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Another Media Outlet's Writers Decide to Unionize

"As an old grey-haired man all I want is for my beautiful Vice family to be happy."

NEW YORK (AP) — Vice Media's digital editorial staff are joining a union — the latest in a wave of digital staffers voting to unionize.

The Writers Guild of America, East, said Friday that the next step is negotiating a collective bargaining agreement with Vice management.

Vice CEO Shane Smith said he supported the writers' decision to unionize.

SAN FRANCISCO, CA - OCTOBER 08: Vice Co-Founder Shane Smith speaks onstage during '“Missing Ink: The New Journalism” at the Vanity Fair New Establishment Summit at Yerba Buena Center for the Arts on October 8, 2014 in San Francisco, California. (Photo by Michael Kovac/Getty Images for Vanity Fair)

"As an old grey-haired man all I want is for my beautiful Vice family to be happy — those writers who voted to unionize and those who did not," he said in a statement.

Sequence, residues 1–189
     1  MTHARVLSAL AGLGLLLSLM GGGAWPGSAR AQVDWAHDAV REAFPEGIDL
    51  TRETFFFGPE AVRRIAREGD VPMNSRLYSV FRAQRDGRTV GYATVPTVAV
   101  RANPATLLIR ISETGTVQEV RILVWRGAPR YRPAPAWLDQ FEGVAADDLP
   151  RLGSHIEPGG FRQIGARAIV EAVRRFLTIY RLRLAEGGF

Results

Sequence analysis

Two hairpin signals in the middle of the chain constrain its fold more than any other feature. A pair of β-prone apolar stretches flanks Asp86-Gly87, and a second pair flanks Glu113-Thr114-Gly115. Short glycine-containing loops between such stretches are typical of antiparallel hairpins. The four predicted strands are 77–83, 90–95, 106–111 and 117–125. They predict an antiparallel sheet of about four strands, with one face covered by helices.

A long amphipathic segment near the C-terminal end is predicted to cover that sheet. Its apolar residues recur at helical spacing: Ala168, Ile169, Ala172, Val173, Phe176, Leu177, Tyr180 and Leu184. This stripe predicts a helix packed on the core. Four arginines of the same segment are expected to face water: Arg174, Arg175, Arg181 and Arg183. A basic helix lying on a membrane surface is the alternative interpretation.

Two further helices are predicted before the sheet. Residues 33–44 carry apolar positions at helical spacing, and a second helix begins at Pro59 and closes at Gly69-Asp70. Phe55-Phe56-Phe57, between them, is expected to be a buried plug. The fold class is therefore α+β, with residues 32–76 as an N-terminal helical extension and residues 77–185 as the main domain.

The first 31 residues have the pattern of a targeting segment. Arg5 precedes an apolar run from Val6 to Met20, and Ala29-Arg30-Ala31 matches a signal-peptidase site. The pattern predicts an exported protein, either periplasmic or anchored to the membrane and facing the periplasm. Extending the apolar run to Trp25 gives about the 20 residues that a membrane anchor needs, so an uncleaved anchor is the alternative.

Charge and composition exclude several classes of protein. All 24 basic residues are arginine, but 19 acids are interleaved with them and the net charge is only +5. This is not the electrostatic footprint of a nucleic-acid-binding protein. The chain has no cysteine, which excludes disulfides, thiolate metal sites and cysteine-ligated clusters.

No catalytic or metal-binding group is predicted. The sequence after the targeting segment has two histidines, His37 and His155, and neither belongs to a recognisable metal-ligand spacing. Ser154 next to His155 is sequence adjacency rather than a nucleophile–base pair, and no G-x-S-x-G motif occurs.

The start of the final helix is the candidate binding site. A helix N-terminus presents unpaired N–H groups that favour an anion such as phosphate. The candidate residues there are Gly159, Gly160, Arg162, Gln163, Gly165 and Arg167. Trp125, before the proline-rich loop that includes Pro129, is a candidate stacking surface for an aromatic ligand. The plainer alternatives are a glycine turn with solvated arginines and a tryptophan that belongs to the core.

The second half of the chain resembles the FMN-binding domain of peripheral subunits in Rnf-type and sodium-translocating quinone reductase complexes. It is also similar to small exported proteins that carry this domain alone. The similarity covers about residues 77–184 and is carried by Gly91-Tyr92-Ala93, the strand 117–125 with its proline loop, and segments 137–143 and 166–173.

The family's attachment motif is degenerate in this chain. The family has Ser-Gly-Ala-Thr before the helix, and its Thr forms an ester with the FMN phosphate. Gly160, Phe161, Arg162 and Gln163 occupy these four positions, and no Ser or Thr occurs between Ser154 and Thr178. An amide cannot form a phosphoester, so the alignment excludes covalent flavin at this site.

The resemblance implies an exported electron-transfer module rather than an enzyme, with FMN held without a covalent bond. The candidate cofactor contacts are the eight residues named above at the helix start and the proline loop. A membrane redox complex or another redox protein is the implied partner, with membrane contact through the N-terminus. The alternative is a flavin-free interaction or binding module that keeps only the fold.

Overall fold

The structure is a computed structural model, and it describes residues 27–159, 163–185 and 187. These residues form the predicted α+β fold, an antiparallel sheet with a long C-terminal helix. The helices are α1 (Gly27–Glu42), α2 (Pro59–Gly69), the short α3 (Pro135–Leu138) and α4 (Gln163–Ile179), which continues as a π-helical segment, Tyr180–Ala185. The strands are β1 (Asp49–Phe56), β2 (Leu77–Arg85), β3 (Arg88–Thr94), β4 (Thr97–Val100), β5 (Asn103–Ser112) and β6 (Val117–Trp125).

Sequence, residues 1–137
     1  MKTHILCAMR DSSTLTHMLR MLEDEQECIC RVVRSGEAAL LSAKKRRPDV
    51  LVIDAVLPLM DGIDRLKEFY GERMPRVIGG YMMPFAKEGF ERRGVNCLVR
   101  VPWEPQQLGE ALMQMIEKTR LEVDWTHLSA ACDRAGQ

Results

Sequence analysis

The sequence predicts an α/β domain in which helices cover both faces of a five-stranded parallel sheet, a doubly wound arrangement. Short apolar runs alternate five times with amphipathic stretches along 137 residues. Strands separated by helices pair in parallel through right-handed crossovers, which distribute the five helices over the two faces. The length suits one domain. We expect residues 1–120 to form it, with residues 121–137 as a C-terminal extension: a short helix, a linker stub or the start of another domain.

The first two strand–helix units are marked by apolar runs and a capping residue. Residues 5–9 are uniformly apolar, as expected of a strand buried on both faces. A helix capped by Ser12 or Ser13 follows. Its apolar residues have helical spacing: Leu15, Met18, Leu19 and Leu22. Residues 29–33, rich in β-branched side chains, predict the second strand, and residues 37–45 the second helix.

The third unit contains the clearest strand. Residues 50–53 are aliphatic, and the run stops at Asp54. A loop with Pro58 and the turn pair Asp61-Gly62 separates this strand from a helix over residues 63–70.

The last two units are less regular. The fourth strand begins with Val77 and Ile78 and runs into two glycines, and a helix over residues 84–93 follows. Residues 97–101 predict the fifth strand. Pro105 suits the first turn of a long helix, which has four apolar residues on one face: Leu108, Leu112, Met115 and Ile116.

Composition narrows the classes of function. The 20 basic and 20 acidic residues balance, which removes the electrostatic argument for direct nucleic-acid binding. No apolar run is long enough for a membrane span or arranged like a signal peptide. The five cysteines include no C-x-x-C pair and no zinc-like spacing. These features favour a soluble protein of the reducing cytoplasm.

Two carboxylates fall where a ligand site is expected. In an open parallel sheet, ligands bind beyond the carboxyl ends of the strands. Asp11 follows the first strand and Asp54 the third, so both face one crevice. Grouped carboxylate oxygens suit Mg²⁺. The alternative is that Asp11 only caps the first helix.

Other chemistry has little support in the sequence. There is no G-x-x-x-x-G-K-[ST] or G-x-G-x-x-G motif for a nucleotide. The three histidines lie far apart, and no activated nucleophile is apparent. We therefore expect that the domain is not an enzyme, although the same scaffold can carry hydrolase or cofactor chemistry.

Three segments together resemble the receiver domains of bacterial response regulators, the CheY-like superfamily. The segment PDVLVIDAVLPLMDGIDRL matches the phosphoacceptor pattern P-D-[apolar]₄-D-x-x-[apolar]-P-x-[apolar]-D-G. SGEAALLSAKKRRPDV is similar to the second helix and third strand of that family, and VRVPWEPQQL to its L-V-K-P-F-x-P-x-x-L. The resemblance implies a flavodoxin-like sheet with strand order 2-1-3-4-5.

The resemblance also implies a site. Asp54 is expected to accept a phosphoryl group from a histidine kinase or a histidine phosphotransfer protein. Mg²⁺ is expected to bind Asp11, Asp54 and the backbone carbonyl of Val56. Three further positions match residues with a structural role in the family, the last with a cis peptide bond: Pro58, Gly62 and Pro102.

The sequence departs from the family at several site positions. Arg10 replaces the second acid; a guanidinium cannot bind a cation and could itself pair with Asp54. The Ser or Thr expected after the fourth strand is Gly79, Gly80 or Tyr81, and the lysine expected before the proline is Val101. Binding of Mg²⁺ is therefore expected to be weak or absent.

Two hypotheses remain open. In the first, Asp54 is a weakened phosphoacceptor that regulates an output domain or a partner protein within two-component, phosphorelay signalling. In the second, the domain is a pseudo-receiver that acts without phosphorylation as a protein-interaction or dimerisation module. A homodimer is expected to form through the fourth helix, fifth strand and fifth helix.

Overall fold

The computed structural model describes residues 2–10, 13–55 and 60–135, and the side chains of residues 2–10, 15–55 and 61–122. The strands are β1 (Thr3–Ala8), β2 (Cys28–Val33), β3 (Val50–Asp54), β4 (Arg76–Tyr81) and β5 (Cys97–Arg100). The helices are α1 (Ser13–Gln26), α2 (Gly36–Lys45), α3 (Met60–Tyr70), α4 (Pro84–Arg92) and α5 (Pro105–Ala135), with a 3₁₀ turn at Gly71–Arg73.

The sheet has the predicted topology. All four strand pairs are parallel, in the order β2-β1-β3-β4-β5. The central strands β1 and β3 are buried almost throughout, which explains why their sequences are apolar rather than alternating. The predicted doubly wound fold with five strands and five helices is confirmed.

Begun in 1994 as an alternative magazine, New York-based Vice Media has expanded into a global media company with offices in 30 countries and online news and video channels.

Over the summer, Gawker Media, Salon and Guardian U.S. editorial staffers joined the same union. Before that, no digital media sites had been unionized. The Associated Press, The New York Times and other newspaper staffers have union representation.

The Writers Guild of America, East, is part of the AFL-CIO, the largest federation of labor unions in the United States. It represents writers in movies, TV, cable, digital media and broadcast news.

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